Yet, they keep watching.
With all of its violence and suspense, the series is a clear example of Korean filmmakers' critique of capitalist society. Why some people are extremely rich and others not even able to survive is a great injustice that 'Squid Game' addresses through its storyline and dialogues.
Several aspects of the series have become iconic. They have their own memes circulating around the world and in all languages. For example, the green-and-blue training suits the players of the Squid Game have to wear: they are very popular!
The plain white shoes that go with the players' uniforms are a big hit too. Variety reports that Vans sales have risen 7,800% on one of its white slip-on sneakers because it closely resembles the trainers the Squid Gamers are wearing. They call it "The ‘Squid Game’ Costume Effect", because people are probably buying the shoes to wear on Halloween.
Millions of viewers were curious about the value of the grand prize, 45.6 billion Korean wons. As a result, one of the top searches on Google became "won to usd".
Just so you know, the value of the game's grand prize is about 39 million dollars.
In the series, each player received an invitation in the form of a mysterious business card with a phone number on it. Contestants had to call the number to enter the game. The phone number is clearly displayed in the series.
As it turns out, this Korean phone number really exists! The owner of the eight-digit number, Kim Gil-young, says she gets about 4,000 calls per day. A South Korean presidential candidate has offered to buy the number from her, and Netflix is going to edit the scenes in order to make the number invisible, the Washington Post reports.
In one of the challenges, players have to cut a shape out of a typical Korean sweet. It's a traditional game in the Asian country, but after Squid Game the whole world wants to give it a try!
Called dalgona candy, the sweets are a type of honeycomb toffee. They are simply made of sugar and baking soda. Often they have a shape marked on top of them, like this umbrella.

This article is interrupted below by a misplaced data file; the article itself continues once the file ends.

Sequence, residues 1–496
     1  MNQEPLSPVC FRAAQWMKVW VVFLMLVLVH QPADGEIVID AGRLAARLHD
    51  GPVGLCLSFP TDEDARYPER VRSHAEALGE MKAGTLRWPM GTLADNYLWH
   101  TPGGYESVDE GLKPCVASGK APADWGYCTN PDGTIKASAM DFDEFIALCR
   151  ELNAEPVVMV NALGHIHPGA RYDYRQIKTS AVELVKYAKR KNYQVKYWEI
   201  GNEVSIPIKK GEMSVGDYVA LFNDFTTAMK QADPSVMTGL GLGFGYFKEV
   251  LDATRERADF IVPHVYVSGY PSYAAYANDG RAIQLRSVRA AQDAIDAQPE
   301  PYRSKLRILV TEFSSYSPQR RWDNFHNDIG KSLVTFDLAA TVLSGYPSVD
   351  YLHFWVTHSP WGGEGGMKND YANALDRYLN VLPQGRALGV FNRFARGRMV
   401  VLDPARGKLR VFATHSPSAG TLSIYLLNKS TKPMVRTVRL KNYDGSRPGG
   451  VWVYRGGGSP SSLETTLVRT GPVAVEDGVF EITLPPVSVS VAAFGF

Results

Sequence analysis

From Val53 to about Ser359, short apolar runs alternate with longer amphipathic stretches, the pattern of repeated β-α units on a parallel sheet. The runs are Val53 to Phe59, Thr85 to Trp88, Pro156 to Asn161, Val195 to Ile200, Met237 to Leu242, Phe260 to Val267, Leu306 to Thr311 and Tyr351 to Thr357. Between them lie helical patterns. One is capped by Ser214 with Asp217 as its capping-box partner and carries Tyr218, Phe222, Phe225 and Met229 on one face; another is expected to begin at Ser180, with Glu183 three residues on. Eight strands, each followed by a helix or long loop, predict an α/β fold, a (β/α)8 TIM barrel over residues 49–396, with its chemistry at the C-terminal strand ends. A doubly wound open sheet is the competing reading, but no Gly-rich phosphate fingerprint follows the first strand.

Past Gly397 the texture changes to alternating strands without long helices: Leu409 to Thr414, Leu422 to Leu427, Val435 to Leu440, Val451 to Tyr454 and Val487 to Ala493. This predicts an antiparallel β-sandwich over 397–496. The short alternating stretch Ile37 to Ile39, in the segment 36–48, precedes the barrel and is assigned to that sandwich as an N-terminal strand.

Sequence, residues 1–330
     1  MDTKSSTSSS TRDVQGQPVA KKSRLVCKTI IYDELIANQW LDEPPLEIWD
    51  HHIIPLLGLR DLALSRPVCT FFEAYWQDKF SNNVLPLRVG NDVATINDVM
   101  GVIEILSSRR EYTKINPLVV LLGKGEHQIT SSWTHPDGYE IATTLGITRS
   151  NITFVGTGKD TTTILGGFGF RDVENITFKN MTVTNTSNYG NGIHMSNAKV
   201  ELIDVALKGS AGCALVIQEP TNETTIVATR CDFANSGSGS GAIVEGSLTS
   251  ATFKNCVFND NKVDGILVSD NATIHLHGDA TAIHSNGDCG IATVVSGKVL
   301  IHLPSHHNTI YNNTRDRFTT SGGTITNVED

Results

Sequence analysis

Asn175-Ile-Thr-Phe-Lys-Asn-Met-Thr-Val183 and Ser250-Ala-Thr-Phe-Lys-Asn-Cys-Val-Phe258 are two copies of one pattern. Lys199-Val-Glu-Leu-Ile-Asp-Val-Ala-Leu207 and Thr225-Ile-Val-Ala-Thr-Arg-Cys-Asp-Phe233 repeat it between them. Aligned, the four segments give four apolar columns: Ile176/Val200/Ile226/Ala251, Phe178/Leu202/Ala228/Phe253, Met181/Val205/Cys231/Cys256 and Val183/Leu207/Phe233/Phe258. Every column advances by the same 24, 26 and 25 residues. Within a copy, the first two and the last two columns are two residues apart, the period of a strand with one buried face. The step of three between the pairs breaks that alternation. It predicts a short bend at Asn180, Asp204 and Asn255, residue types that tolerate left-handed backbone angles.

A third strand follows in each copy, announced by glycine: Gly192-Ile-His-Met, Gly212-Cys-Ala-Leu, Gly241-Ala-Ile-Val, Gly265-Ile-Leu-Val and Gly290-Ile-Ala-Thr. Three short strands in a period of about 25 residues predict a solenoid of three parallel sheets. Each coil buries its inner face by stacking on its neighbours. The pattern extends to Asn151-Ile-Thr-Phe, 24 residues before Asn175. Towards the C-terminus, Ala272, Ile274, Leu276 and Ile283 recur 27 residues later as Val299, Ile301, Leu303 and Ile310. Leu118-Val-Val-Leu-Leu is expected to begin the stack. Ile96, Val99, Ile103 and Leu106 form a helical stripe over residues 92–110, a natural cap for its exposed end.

For the children's game with the dalgona, "the true challenge is eating around the image imprinted in the treat without breaking it," Insider explains. The series is so popular that there is now a craze among TikTokers to play the game as well. And of course there are a lot of memes making fun of those who fail!
When Facebook and Instagram had their major breakdown in the first week of October, memes were immediately connecting the social meda disaster to iconic images from 'Squid Game'.
The brave Indian player in Squid Game became the social network Twitter on the day that WhatsApp, Instagram and Facebook faltered. It was Twitter, the only remaining social media, that saved the day and kept people talking.
Actor Heo Sung Tae was only known in his own country before 'Squid Game' premiered. Then suddenly, within days, he had a million followers from all over the world on his Instagram account. His comment: "Thanks for making me a millionaire" - referring to the millions in prize money on the Squid Game.
One of the players in Squid Game, Cho Sang-Woo, is a businessman with a degree from the prestigious Seoul University. His old friend, Seong Gi Hun, continuously jokes about this, because despite having the prestigious business school degree, he is still in the same state of desperation as all the others in the Squid Game.
The doll playing 'Red Light, Green Light' in the first episode really exists! They had her moved from the entrance of a horse-carrage museum in Jincheon County, Koreaboo reports, to use her as a prop in the series. Since then, the girl has returned to the museum, where you can visit her for a really freaky experience...
The maker of the series, Hwang Dong-hyuk, had a lot of trouble getting anyone to finance it. 'Squid Game' is so violent that few producers dared to make it. It took Hwang more than a decade (he started writing in 2008) to finally get his project on the screen. Netflix's original title for 'Squid Game' was 'Round Six', Insider reports.
Even though the end of the series hints at new adventures, the author of 'Squid Game' is not planning to make a second season. He has other film productions to do first. "I don't have well developed plans for 'Squid Game 2,'" he told Variety. "It is quite tiring just thinking about it."
According to Forbes, shows with similar themes and stories are now more popular than ever. 'Squid Game' has convinced a global audience of the value and relevance of series in another language than English. "Since the show's release, both the Japanese thriller series 'Alice in Borderland' (image) and Korean drama 'Sweet Home' have been trending on Netflix," Forbes reports.
(Image: Haro Aso / Shogakukan / ROBOT / Netflix)